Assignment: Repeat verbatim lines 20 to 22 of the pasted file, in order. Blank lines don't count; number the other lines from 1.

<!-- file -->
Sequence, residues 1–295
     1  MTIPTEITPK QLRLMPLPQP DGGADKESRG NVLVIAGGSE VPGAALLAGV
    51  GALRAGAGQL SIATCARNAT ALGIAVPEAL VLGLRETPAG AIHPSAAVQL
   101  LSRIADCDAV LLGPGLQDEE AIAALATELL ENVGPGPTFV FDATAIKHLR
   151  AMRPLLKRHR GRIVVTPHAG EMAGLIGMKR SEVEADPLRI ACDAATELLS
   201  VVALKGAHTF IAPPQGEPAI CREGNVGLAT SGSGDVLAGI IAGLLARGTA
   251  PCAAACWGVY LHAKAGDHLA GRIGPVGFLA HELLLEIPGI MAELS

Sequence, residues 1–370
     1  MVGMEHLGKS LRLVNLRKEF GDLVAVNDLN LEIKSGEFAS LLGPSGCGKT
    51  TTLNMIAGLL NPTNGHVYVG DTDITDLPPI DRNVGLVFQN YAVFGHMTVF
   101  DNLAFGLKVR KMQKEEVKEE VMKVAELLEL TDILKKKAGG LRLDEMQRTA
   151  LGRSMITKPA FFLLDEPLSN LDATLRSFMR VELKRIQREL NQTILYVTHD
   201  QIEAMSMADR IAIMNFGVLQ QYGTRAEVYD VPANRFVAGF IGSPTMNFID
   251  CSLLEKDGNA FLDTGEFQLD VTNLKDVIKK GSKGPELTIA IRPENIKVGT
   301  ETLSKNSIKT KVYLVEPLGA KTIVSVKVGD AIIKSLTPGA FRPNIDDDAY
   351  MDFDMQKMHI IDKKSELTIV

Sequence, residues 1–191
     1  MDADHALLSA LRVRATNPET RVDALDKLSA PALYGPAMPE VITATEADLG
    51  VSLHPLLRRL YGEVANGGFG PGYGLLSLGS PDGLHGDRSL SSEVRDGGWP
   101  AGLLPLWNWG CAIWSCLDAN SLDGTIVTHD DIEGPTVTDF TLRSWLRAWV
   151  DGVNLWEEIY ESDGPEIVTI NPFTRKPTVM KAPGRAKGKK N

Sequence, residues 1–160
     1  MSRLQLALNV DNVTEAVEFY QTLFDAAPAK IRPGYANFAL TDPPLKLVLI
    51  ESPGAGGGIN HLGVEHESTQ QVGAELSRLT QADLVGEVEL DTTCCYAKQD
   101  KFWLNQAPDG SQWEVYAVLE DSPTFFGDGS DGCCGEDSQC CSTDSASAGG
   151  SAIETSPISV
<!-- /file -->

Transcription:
   101  AGLLPLWNWG CAIWSCLDAN SLDGTIVTHD DIEGPTVTDF TLRSWLRAWV
   151  DGVNLWEEIY ESDGPEIVTI NPFTRKPTVM KAPGRAKGKK N

Sequence, residues 1–160